From playing video games to operating nuclear facilities, focus and attention are key factors in excelling at important tasks. Freer Logic's BodyWave scanner trains users to be aware of their brain functions without making them wear a silly hat.
The BodyWave tracks brain activity, but it doesn't hook up to your head. The device, which is about the size of an iPhone, straps onto a user's arm or leg, using three carbon contacts to tap into the electrical impulses firing synapses send throughout the body. Software is used to filter out other sources of bioelectricity, including the heart.
The device works by placing users in a simulated environment in which focus and concentration is key. In the video above the example is a nuclear power plant. The device measures brain activity that corresponds to attentiveness, only letting the player continue the simulation if their focus level is at its highest.
Beyond job training and potentially gaming, the BodyWave is also being put to use by Freer Logic sister company Play Attention, which hopes to use the technology to help those diagnosed with attention deficit hyperactivity disorder (ADHD) work on their concentration.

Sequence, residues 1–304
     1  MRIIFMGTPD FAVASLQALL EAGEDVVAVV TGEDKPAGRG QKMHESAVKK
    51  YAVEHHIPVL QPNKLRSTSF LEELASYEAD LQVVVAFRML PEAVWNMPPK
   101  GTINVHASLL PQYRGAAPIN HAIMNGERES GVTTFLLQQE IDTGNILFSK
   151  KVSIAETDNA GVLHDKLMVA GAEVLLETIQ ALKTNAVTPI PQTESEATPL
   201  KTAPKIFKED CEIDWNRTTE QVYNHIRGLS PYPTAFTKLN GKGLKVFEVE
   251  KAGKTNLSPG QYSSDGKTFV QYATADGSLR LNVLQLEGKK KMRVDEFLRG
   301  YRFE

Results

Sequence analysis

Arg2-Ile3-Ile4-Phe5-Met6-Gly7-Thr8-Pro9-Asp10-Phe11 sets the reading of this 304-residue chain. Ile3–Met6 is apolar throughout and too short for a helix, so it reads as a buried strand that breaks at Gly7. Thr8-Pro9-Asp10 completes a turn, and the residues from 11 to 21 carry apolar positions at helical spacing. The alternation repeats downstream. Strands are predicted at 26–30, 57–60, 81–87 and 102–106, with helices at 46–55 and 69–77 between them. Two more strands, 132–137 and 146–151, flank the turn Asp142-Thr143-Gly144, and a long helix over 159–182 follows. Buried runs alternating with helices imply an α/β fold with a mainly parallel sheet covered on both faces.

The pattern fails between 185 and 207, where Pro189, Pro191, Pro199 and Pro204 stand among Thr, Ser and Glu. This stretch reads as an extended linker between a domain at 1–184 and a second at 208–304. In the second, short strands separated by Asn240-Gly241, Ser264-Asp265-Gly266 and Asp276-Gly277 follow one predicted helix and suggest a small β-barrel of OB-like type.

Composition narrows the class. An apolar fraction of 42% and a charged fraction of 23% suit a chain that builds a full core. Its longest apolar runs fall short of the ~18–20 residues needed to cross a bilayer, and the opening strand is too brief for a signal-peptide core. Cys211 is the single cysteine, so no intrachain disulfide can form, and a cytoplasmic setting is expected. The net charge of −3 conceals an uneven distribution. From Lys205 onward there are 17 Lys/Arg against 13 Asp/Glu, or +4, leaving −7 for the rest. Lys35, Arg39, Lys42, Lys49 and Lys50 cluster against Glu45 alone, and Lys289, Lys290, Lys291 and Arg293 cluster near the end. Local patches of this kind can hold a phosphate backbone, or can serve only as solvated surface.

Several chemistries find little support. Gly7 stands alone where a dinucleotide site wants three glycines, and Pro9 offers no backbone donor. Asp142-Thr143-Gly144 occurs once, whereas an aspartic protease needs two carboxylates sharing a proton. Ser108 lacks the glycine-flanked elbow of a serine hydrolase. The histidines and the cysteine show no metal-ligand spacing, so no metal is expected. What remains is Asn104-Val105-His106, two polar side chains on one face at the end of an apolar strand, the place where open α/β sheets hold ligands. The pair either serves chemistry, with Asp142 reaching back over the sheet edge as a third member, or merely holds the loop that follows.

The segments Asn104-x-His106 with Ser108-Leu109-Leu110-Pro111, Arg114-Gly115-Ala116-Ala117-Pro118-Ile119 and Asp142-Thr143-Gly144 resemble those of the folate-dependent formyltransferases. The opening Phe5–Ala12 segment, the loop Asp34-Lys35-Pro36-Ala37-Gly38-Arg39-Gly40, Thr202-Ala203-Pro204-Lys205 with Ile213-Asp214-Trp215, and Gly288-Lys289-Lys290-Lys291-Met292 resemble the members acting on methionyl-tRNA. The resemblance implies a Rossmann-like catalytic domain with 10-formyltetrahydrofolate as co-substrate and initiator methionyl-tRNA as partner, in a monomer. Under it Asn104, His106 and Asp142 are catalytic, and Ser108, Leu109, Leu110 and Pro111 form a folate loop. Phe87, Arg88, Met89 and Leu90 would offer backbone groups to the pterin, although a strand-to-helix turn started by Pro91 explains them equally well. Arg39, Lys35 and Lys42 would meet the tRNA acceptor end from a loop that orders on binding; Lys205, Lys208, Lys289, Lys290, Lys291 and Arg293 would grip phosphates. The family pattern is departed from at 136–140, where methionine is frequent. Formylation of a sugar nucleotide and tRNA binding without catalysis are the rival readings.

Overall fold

The BodyWave device reminds me of Nintendo's Vitality Sensor, the biorhythm monitoring device that debuted at E3 2009 and hasn't been seen since. Nintendo's device will monitor pulse rates along with other signals transmitted by the body. What gaming applications Nintendo has for their device remain to be seen, but I wouldn't be surprised if Freer Logic isn't stepping on their feet just a little bit.
What's Next: BodyWave's Scanner Tracks Brain Waves to Keep You Sharp [Popular Science]